By MARCIA DUNN, AP Aerospace Staff Writer
CAPE CANAVERAL, Florida. (AP) — NASA pushed Monday to launch a rocket to the new moon to put a manned capsule into lunar orbit for the first time in 50 years, after a leak resurfaced at the same location that leaked during a dress rehearsal at spring. .
As the precious minutes of the countdown ticked by, launch controllers repeatedly halted the refueling operation, already running nearly an hour behind schedule due to thunderstorms off the coast of Florida’s Kennedy Space Center.
NASA Deputy Launch Director Jeremy Graeber said controllers were eventually able to reduce the leak to a safe and acceptable level, where it remained stable as nearly 1 million gallons of supercold fuel filled the rocket’s core stage tanks. .
Graeber said NASA still has a chance to launch Monday morning, but won’t target a new liftoff time until the 10-minute wait in the countdown when managers conduct the “go or no-go” survey.
“We have a lot of work to do to get to that point,” Graeber warned.
The 98-meter (322-foot) rocket is the most powerful ever built by NASA, surpassing even the Saturn V used by the Apollo program that carried astronauts to the moon half a century ago.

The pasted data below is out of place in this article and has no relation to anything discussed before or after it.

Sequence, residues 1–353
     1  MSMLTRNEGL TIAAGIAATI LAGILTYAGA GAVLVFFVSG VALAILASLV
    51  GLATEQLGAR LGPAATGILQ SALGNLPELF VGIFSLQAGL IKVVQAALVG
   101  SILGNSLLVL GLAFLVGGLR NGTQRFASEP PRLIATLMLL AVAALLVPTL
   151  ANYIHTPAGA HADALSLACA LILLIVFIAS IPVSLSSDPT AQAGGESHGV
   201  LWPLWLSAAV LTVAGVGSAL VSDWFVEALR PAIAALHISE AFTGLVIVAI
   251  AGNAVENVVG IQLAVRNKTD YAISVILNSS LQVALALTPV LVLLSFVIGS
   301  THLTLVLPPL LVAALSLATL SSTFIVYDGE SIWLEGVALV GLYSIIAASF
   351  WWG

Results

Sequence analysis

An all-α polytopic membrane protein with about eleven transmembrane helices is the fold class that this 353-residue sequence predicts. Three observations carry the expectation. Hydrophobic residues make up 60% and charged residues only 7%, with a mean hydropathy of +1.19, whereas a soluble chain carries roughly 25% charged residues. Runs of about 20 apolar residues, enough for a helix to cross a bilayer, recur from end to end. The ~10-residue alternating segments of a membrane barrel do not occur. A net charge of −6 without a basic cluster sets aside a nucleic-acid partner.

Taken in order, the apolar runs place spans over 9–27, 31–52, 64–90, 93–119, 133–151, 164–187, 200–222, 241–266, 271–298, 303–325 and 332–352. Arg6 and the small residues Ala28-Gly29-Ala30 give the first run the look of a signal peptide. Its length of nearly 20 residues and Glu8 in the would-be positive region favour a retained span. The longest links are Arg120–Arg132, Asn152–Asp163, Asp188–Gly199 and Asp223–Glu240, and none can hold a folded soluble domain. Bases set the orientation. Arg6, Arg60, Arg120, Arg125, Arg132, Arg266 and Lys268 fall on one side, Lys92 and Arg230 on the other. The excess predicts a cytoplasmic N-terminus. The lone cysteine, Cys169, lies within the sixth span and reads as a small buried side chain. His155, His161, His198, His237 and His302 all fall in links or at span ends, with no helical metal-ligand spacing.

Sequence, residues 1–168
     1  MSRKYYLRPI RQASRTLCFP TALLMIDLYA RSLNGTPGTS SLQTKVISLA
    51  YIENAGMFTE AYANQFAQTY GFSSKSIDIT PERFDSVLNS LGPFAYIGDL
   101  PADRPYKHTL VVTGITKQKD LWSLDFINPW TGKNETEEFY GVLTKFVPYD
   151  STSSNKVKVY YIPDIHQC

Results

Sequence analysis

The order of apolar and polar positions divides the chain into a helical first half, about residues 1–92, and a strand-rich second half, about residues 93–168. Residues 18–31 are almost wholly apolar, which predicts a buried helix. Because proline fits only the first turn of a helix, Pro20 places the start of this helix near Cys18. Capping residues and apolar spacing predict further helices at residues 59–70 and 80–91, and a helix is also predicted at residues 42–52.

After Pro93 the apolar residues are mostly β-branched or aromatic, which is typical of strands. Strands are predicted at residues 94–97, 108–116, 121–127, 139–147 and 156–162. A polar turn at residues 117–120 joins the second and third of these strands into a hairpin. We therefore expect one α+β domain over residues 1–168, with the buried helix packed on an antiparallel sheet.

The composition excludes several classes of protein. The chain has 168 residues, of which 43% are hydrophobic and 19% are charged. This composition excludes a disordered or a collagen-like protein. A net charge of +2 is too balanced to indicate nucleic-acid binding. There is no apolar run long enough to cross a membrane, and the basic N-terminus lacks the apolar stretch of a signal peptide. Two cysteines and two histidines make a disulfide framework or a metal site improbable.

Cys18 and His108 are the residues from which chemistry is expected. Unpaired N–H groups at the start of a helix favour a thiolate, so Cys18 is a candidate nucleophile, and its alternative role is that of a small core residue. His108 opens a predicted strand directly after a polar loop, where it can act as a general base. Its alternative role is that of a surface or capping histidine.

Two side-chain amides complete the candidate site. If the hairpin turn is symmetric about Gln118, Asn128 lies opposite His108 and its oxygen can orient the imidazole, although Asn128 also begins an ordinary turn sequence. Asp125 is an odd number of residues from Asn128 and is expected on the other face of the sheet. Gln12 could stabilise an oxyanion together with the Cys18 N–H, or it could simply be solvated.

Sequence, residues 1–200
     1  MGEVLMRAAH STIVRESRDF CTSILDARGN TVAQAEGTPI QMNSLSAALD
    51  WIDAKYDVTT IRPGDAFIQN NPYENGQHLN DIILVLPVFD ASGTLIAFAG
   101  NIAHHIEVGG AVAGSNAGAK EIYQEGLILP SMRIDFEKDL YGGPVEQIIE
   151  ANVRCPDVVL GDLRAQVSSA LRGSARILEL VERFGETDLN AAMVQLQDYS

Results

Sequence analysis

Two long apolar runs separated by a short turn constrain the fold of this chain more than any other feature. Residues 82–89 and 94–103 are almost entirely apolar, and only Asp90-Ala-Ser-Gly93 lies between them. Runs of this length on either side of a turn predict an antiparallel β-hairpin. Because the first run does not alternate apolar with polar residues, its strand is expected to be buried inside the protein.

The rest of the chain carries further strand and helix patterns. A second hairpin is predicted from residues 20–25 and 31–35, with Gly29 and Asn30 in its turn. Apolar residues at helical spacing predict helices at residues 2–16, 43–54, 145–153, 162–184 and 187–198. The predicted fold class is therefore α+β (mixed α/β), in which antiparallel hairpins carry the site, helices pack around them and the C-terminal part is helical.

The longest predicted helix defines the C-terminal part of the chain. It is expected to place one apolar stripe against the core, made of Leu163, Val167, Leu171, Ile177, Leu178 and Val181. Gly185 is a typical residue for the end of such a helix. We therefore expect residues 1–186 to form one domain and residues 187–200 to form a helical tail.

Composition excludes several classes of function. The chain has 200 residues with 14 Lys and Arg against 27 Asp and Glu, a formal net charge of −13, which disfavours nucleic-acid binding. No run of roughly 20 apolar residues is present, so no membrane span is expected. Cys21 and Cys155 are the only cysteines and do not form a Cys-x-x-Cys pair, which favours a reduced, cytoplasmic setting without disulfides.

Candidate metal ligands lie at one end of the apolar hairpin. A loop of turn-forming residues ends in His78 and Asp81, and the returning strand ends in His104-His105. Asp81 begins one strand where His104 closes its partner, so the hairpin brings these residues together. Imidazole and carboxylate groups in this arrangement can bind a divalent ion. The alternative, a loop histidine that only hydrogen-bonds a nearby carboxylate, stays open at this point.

There were no astronauts inside the Orion capsule. Instead, three test dummies were strapped in for the lunar orbit mission, which is expected to last six weeks.
Even though no one was on board, thousands of people packed the shoreline to watch the Space Launch System, or SLS, rocket fly off. Vice President Kamala Harris flew to Orlando with her husband, but she had not yet made the hour-long drive to Cape Canaveral for the planned takeoff.
If Monday’s launch can’t proceed, the next launch attempt won’t be until Friday at the earliest.
A dangerous hydrogen fuel leak messed up NASA’s countdown test in April, prompting a slew of repairs. The demo was repeated with more success in June, but that too saw some leaks. Managers had said they wouldn’t know for sure whether the repairs were good until they tried to load the rocket’s tanks on Monday.
The problem was reminiscent of NASA’s space shuttle era, when hydrogen fuel leaks disrupted countdowns and delayed a series of launches in 1990.
Launch manager Charlie Blackwell-Thompson and her team also had to deal with a communication problem related to the Orion capsule.
Engineers were quick to understand an 11-minute delay in communication lines between Launch Control and Orion that surfaced Sunday night. Although the issue was fixed Monday morning, NASA needed to know why it happened before committing to a launch.
This first flight of NASA’s 21st-century lunar exploration program, named Artemis after Apollo’s mythological twin sister, is years behind schedule. Repeated delays have led to billions in budget overruns; This demo alone costs $4.1 billion.
Assuming the test goes well, the astronauts would climb aboard for the second flight and fly around the moon and return as soon as 2024. A two-person lunar landing could follow in late 2025. NASA is targeting the south pole of the moon.
During Apollo, 12 astronauts landed on the moon from 1969 to 1972, with stays of no more than a few days. NASA is looking to set up a lunar base during Artemis, with astronauts coming and going for weeks. The next step would be Mars, possibly in the late 2030s or early 2040s.
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